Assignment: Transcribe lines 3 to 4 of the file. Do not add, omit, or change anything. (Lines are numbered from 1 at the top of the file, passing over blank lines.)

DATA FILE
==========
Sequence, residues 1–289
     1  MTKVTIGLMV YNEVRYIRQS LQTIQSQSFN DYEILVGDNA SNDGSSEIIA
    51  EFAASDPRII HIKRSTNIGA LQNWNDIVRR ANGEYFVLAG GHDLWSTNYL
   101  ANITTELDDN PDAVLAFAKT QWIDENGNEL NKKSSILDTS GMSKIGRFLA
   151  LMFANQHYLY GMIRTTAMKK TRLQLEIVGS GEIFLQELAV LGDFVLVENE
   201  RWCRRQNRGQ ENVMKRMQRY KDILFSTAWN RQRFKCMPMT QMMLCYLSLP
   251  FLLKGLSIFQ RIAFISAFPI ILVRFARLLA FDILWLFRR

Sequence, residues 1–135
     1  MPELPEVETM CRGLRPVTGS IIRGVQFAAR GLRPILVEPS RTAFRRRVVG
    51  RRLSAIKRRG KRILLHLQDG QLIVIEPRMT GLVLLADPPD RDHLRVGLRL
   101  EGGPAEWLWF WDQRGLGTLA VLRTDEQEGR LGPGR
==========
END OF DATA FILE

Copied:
    51  EFAASDPRII HIKRSTNIGA LQNWNDIVRR ANGEYFVLAG GHDLWSTNYL
   101  ANITTELDDN PDAVLAFAKT QWIDENGNEL NKKSSILDTS GMSKIGRFLA